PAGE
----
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Zen and the art of humor in bread-making and daily living

German director Doris Dorrie juxtaposes a chef's creations with his spiritual world in 'How to Cook Your Life.'

November 16, 2007|Kenneth Turan | Times Staff Writer

"How to Cook Your Life" is an unexpectedly charming and enlightening film, a documentary that makes the most of the intersection of Zen Buddhism and cooking in the life of Edward Espe Brown.

A Zen priest and chef, Brown is best known as the author of 1970's landmark "The Tassajara Bread Book," a volume that introduced an entire generation to the joys of baking. German director Doris Dorrie took a cooking class from Brown and was captivated enough to want to film his thoughts on connecting the way you cook food with the way you live your life. It was an inspired idea. For besides being an artist with bread, Brown turns out to be a great raconteur with a puckish sense of humor and a sly look in his eye who couldn't be more of a treat to hang out with.

Most of the time.

Neither the director nor Brown shies away from the chef's temper and his other foibles. Shown beginning a class in Austria, he confesses to being "a little excited and a little anxious. 'You've been doing Zen for 40 years and you're anxious, what's your problem?' I'm a human being."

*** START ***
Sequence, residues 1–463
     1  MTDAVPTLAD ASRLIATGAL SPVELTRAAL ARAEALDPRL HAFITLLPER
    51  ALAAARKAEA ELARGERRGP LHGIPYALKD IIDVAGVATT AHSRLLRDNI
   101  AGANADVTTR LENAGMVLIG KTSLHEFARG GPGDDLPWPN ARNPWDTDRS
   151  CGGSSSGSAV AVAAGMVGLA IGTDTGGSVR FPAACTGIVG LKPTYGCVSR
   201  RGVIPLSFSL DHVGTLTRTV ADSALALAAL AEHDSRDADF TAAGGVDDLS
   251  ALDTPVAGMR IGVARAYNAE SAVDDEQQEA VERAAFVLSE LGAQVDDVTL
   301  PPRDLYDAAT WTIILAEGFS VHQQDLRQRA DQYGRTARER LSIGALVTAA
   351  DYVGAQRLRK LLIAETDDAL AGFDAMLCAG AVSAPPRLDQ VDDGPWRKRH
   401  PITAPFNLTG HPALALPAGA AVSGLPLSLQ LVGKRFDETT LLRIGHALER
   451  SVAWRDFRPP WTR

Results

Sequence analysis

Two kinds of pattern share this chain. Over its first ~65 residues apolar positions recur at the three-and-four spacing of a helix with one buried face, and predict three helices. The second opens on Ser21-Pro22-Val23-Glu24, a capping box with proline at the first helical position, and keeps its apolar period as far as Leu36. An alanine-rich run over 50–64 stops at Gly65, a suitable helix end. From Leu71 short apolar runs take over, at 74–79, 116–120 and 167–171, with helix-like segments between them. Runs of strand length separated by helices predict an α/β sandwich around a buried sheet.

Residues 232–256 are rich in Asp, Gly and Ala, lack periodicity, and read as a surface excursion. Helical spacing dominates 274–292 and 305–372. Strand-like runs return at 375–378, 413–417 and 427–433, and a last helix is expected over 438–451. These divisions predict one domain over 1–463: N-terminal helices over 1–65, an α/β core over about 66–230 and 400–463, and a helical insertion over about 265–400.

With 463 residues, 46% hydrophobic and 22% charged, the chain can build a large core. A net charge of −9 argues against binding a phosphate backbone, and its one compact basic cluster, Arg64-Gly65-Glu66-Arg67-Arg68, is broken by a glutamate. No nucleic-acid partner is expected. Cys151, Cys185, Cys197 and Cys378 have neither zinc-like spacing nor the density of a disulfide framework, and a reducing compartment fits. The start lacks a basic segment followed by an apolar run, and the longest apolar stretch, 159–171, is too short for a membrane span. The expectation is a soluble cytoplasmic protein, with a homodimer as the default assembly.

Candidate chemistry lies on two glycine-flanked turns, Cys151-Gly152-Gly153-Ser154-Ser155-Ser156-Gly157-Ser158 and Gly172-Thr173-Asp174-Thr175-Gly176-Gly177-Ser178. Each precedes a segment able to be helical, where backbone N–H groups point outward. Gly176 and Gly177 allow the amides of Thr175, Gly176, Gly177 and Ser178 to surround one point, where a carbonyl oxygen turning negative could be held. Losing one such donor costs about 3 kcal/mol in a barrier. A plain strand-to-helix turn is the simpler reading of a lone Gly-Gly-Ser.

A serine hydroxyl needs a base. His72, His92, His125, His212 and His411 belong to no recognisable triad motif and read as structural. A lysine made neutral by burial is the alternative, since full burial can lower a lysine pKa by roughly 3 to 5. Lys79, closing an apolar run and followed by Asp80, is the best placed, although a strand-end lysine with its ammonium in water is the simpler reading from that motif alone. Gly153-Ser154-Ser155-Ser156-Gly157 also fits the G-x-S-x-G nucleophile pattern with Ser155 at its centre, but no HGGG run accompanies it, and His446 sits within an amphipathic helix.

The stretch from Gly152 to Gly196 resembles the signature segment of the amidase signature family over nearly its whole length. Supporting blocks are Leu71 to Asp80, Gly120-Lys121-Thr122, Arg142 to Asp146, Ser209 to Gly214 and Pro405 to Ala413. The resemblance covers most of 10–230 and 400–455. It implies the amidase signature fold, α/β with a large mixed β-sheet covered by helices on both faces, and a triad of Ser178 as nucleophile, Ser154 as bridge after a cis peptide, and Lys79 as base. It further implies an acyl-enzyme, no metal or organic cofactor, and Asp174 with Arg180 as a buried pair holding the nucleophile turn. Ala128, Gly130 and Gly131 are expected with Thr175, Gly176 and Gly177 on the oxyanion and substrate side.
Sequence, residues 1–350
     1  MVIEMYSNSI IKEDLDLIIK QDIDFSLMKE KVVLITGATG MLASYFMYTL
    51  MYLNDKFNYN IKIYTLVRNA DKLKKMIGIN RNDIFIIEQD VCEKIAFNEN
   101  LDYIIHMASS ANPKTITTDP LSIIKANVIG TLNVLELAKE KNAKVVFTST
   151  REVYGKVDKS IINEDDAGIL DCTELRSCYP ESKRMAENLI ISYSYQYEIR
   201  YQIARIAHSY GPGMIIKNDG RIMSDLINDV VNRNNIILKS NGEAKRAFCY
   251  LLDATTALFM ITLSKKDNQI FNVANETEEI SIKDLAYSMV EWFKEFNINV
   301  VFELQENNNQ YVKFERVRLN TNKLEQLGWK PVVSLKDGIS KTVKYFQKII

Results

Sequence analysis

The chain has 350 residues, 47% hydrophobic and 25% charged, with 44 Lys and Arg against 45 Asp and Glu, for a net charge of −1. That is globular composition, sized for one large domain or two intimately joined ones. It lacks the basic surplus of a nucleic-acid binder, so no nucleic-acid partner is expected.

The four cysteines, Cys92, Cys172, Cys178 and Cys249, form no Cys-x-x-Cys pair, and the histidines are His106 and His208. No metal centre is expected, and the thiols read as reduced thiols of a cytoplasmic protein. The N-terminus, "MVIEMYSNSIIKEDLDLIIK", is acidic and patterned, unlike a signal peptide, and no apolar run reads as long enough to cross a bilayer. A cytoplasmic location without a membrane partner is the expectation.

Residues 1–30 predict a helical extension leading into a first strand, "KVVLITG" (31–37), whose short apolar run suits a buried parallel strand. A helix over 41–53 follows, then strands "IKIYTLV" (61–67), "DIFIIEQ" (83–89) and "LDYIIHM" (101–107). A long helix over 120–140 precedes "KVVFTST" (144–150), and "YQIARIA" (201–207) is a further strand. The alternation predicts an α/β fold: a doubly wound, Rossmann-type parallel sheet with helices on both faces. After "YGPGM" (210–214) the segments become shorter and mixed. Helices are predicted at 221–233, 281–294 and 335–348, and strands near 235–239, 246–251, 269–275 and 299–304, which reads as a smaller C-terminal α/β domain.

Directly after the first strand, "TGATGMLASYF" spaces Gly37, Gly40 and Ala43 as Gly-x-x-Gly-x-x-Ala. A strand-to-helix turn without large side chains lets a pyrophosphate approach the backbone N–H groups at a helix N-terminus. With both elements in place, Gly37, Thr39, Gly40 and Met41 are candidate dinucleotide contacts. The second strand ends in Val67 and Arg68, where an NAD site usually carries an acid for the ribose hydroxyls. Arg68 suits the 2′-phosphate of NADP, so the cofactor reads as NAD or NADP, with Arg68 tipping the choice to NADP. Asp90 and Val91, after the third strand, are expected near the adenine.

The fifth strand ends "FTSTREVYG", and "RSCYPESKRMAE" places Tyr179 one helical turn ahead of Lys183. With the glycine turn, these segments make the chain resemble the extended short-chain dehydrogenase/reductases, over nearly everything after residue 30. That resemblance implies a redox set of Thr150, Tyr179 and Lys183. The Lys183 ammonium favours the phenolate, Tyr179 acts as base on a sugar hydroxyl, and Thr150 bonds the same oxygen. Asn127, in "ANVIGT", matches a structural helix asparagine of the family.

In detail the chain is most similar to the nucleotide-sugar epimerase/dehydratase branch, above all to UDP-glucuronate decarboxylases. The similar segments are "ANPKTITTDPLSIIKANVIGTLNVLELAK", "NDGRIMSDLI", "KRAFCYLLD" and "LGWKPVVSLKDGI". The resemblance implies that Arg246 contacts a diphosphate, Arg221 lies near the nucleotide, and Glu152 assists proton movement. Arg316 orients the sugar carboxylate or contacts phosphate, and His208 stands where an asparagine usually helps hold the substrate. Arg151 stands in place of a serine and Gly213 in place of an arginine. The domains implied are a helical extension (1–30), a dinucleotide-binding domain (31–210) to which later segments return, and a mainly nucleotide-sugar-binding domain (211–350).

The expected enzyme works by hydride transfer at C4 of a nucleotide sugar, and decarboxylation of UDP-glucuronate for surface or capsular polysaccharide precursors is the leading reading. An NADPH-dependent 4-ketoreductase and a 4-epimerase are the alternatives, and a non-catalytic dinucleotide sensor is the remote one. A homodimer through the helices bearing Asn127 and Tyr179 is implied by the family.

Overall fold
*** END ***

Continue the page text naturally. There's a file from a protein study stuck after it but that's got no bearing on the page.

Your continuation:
This pleasing candor is a hallmark of Brown, who dates his interest in homemade bread to a visit to an aunt when he was 10. "I wondered, 'What's happened in our culture, what went wrong, that we are eating this manufactured bread?' "

Brown studied Zen under Suzuki Roshi, shown in archival footage, who was a founder of the San Francisco Zen Center and one of the key figures in introducing the practice to this country. When Brown became a chef, Roshi's advice was, " 'When you wash the rice, wash the rice.' Don't go through the motions, don't have stuff on your mind."

These kinds of thoughts recur frequently in Brown's cooking talks. He laments our disconnection from the physical world, the way we "give away our capacity to do things with our hands and our bodies that make us feel human." In cooking, "hands get to be hands, to do something."

Brown's great ability to impart teachings while talking about food means that when the film wanders away from him, as it does from time to time, you wish it wouldn't. He's that engaging a presence, and this lively, thoughtful film shows us why.

kenneth.turan@latimes.com

"How to Cook Your Life." MPAA rating: PG-13 for brief strong language. Running time: 1 hour, 33 minutes. At Laemmle's Sunset 5, 8000 Sunset Blvd., West Hollywood.

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